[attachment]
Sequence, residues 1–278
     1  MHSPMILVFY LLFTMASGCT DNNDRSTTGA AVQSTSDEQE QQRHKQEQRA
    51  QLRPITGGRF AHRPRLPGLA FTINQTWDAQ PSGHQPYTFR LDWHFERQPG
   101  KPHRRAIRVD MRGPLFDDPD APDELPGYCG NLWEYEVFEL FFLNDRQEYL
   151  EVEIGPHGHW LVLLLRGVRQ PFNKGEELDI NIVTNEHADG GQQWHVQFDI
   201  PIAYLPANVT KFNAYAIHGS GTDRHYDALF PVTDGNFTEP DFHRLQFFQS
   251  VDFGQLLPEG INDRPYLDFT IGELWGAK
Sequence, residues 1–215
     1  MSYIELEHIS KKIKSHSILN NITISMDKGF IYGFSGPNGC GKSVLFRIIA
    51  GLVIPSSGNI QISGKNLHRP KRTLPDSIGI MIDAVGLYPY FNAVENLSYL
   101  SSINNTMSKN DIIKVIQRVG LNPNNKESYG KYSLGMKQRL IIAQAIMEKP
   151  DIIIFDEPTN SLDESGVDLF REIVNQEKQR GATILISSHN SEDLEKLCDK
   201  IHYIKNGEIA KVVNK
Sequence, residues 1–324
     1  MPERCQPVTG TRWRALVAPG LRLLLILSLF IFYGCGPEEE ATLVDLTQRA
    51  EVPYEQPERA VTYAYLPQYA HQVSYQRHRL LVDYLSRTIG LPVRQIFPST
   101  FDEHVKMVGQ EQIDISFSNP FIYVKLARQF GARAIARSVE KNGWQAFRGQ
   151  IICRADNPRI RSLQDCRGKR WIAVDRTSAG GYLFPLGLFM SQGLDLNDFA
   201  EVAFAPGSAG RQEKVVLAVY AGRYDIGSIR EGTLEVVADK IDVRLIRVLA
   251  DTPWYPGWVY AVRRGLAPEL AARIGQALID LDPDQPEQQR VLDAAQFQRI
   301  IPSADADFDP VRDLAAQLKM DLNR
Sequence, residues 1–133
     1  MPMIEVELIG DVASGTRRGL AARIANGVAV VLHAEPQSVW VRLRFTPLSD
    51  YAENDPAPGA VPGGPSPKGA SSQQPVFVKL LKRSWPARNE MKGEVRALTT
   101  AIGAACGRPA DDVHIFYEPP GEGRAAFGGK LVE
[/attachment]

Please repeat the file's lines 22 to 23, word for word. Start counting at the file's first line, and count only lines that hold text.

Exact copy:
Sequence, residues 1–133
     1  MPMIEVELIG DVASGTRRGL AARIANGVAV VLHAEPQSVW VRLRFTPLSD